The building blocks of a Software Licence Agreement
In this article, we have a look at some of the important aspects that must be kept in mind when drafting a Software Licence Agreement
A Software Licence Agreement is in essence a copyright licence.
Cloud Services are usually provided under a subscription-based model where access to the Software is provided to the Customer through an online login. No copy of the Software is provided to the Customer, and there is no need for a licence.
The building blocks of a Software Licence Agreement
Scope of Software Licence
To learn more about the specific building blocks of a Software Licence grant clause follow this link.
Support, training and professional services
The Provider may provide support and training to the Customer’s Users. If this is the case, the terms of the support and training must be detailed in this section.
Professional services (for example customization of the Software) can also be included as part of the Software Licence Agreement or incorporated into a separate Professional Services Agreement. If professional services are included as part of the Software Licence Agreement, ensure that the commercials relating to these services are unambiguously stipulated within the Agreement.
Generally, the Parties will retain their intellectual property rights and the Provider will own any new Intellectual Property Rights relating to the Software.
An aspect that will, however, need to be addressed in the Software Licence Agreement is feedback rights. In other words, if the Customer provides the Provider with feedback relating to the Software, will the Provider be able to use the feedback to improve the Software and make these improvements available to other Customers?
The default position is usually that the Provider may use all feedback freely without restriction or obligation.
Read more on building intellectual property clauses.
The payment provisions will detail payment terms, overdue amounts, method of payment, setoff, taxes, payment disputes etc.
The Provider may be required to take insurance against, for example, cyber crimes. The insurance provisions should detail the type of cover to be taken out, the amount of cover required, what happens if there is a failure to maintain cover and obligations to produce certificates confirming cover.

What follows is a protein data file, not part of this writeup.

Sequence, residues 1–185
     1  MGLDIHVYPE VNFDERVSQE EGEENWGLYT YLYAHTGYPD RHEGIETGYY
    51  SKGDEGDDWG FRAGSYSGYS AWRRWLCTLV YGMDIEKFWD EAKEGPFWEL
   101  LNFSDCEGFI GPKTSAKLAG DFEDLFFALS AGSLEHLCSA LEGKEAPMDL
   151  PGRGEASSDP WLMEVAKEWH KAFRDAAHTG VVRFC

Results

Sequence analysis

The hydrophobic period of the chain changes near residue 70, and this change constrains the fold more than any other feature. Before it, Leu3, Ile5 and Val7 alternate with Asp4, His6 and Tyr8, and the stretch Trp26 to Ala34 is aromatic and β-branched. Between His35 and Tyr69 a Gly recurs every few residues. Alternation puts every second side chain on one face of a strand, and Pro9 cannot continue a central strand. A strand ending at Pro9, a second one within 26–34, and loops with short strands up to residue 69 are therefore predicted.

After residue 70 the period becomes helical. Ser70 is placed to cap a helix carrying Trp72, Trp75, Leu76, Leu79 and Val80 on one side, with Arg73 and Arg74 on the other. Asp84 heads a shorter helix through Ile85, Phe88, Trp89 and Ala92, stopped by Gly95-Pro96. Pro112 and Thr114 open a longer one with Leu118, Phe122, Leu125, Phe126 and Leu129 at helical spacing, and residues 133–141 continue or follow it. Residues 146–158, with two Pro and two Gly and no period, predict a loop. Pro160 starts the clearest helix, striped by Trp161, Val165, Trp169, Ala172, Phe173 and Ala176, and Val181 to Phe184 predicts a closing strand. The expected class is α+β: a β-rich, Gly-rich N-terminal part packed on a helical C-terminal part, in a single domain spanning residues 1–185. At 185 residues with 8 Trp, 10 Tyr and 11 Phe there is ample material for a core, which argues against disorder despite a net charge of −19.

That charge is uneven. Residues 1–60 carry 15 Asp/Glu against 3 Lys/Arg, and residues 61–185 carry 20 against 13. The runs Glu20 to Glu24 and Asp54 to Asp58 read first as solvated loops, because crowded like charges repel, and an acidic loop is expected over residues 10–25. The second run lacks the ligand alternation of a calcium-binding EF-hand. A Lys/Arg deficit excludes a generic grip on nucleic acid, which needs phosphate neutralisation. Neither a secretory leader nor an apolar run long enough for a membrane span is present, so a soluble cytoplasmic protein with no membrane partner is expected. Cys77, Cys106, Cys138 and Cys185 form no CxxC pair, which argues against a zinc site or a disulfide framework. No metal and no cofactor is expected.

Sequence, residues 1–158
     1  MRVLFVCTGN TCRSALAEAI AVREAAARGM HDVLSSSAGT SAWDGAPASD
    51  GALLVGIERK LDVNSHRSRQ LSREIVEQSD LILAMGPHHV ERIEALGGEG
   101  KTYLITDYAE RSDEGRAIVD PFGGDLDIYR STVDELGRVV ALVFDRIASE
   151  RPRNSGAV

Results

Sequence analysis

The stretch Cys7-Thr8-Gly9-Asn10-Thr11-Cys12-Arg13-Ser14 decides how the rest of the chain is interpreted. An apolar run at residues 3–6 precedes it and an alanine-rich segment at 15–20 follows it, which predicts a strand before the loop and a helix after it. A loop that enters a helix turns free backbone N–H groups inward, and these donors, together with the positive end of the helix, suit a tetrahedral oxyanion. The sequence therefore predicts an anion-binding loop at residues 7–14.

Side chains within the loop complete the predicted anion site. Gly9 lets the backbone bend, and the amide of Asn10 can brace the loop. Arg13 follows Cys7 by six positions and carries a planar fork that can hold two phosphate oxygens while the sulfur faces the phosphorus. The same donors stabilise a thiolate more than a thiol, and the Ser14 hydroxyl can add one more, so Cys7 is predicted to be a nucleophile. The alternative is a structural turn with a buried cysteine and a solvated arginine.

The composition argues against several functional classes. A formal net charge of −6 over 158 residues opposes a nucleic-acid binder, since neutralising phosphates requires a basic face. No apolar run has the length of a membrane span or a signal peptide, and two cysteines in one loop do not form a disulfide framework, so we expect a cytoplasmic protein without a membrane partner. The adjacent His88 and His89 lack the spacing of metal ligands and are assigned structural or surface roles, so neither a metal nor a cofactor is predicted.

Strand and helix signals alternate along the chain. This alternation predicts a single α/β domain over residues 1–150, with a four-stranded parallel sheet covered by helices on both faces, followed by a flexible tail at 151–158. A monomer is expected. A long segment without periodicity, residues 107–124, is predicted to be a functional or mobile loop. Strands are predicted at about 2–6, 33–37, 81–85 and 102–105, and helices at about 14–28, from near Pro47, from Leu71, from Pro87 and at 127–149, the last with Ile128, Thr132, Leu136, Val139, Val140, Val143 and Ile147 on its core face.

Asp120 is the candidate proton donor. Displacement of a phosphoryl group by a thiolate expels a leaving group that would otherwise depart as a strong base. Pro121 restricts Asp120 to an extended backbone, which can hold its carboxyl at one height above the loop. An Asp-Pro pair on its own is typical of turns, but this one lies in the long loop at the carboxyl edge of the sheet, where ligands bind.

If there are limitations relating to the licence, for example the number of installation or seats provided, the Provider would want to have the right to audit these aspects. The frequency of these audits, costs thereof and what happens if there are adverse findings must be clearly addressed in this section.
Both Parties would generally want to protect such sensitive information, which, if disclosed to certain third parties, will be detrimental to their business. The confidentiality provisions provide which information must be regarded as confidential, obligations relating to handling confidential information, and what happens if there are unauthorised disclosures.
Limitation of liability
Unrecoverable losses and maximum liability are generally dealt with under the limitation of liability provisions. Unrecoverable losses may include, for example, consequential losses, and claims relating to breach of data protection provisions may be limited under the maximum liability amount to a fixed amount.
The Customer and Provider will usually provide certain mutual warranties. These may include, for example, that they have the legal capacity to enter into the Agreement and that they have not offered unlawful or prohibited inducements to the other Party or any other person in connection with the Agreement.
Then there will also be warranties related to the Software that will be provided.
Typical warranties will include that no viruses will be introduced into the Software, the Software will conform to the Documentation, and the Software does not and will not infringe on any third party intellectual property rights etc.
Breach of the warranties will also need to be addressed, and the disclaimers that relate to the warranties.
An indemnity often found in a Software Licence Agreement is an indemnity relating to Intellectual Property infringement claims.
The indemnity provisions need to identify what will be regarded as indemnified losses (what will be covered), what will trigger the indemnity and the claims procedure.
How will the Parties deal with disputes? Through a Court process or alternative dispute resolution? Are there different processes for different disputes – For example, expert determination for disputes relating to technical aspects of the Software?
Term and termination
The Parties may conclude the Software Licence Agreement for a fixed term. There may also be auto-renewal of the Term, which must also be detailed within this section.
The termination provisions detail when a Party can terminate the Agreement before the Term ends and may also provide for termination assistance the Provider must provide if the Agreement is terminated.
The boilerplate clauses will include the provisions relating to public disclosure, third-party beneficiaries, how amendments will be dealt with, how notices under the Agreement must be provided, assignment etc.
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Martin Kotze is a commercial lawyer with over 10 years of experience. He specialises in transactional work within the Tech, Financial Services and Property industries.
He is also one of the co-founders at DocNinja and regularly advises listed companies to small and medium enterprises on how to contract better with their customers.
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